Monday, January 05, 2009

Polygon Offset and Shadow Mapping

A little bit of polygon offset goes a long way in fixing shadow mapping "acne". In particular, polygon offset when creating the shadow map works better than simply adding a constant factor when doing the shadow compare. Why? Well, this paper explains it.

Basically the error you get in shadow maps that cause "acne" (that is, surfaces shadowing themselves, but only sometimes) come from two sources:
  • Numeric (e.g. you ran out of bits).
  • Geometric.
Now the numeric case is easy to understand: your depth compare is only as good as the "Z" precision of your shadow map - that is, 1 in 2^24 for a 24-bit integer shadow map. We need to add at least 1/2^24 to the shadow map to assure that objects don't shadow themselves.

But you'll find that that's not nearly enough offset. Why? Well, the geometric error is the answer.

When you do a shadow map compare, the depth you are reading comes from the depth at the center of the pixel from the shadow map. But because you are projecting the texture, the sample you want isn't the center of the pixel. Since the shadow map defines a surface perpendicular to the sun, as the distance from the shadow map pixel center to the point you wanted increases, you need more bias.

(Note that this means that the lower the horizontal/vertical resolution of your shadow map, the larger this depth-bias problem becomes. Also note that as the Z-buffer distance of your occluder increases - that is, as you shrink the near and far clip planes of the sun to "hug" the occluder, the depth slope per pixel increases and this problem becomes worse too! This is counter-intuitive - you would not expect to need a larger constant bias due to a more precise shadow map.)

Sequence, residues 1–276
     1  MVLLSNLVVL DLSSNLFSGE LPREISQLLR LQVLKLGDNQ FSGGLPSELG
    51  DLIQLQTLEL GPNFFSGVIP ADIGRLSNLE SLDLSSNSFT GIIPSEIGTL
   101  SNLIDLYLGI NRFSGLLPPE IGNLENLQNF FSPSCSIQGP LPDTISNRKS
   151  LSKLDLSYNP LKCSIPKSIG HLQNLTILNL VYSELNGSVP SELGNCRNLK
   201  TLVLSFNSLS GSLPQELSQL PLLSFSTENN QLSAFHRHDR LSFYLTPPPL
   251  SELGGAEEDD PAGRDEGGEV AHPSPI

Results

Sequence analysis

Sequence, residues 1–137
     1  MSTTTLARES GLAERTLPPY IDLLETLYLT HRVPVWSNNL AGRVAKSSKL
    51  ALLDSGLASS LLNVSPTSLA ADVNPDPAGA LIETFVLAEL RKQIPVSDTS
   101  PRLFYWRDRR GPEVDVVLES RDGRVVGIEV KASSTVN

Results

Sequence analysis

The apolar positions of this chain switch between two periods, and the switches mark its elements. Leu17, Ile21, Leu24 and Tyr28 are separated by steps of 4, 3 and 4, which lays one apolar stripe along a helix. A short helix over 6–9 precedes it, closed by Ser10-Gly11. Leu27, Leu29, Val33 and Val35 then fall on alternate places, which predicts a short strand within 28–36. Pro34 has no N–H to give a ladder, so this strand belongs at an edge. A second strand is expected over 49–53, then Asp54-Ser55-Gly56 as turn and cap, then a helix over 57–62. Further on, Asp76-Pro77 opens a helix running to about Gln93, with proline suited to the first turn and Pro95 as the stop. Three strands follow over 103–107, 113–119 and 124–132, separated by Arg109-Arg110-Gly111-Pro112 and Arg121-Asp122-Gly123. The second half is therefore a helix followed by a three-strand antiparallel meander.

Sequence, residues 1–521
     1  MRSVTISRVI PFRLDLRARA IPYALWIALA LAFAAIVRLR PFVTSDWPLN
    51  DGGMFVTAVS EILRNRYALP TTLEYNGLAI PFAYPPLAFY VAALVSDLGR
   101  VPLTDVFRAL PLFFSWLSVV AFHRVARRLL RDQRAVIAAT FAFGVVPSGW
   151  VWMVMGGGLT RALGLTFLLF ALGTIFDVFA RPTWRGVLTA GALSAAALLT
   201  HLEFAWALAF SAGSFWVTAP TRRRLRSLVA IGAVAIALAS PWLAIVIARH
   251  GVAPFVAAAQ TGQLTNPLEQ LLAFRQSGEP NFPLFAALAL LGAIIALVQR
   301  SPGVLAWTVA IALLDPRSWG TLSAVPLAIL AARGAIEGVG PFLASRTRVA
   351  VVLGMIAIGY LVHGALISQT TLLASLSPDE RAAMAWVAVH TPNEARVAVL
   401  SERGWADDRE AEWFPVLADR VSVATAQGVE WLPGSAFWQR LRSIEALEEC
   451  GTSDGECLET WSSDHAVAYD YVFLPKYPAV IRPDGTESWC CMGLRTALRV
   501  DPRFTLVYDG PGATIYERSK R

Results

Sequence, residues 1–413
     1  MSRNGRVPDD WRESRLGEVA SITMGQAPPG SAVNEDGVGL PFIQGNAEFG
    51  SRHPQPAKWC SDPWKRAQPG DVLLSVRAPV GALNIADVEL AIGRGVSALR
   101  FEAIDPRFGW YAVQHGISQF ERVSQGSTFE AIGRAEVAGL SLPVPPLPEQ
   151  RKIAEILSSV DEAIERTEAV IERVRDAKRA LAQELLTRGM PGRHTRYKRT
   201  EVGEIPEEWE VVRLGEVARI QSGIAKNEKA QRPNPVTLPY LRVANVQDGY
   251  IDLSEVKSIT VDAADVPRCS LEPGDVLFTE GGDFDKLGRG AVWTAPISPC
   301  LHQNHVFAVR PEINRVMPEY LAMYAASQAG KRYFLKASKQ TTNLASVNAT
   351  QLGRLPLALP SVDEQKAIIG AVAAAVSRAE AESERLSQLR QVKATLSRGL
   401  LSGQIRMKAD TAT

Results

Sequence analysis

And that's why polygon offset is useful: the the bias you need goes up as our occluder starts to slope away from the sun. That is the case where (when self shadowing) the occluder will slope away from the sun in your real model, but the shadow map will have a "perpendicular to sun" shadow over the span of a single pixel. The more sloped, the more bias - perfect for polygon offset.

The big win of polygon offset over a constant bias is that it lets you reduce the amount of bias when the occluder is perpendicular to the sun. This is the base where the geometric error is almost none, and a very small constant bias will be adequate.

As a final note, a number of web pages and discussion forums refer to the "non-linear" nature of the Z-buffer. For integer z buffers, this is only true when you use frustum projection! The non-linearness comes from the matrix transform, not the z-buffer itself; what you're seeing is Z precision get smaller for far away objects just like pixel size gets smaller for far away objects.

What this means is that while you're very likely to have problems with shadow maps based on the depth buffer (that is, post-perspective-divide Z) when the shadow map uses a frustum, it is not an issue at all for orthographic projection. In other words, there shouldn't be a problem with the sun, but there will be with spot lights.

1 comment:

  1. Oh man, I wish I understood this better. I've been struggling with PSSM shadow maps and was using the depth buffer for the shadow test, but found that when trying to shadow my terrain that had rolling hills, the shadows wouldn't show up where the terrain met the shadow and looked like beards - this is a link to my post about it ->

    funny - the word verification for posting this comment is "shyting" :o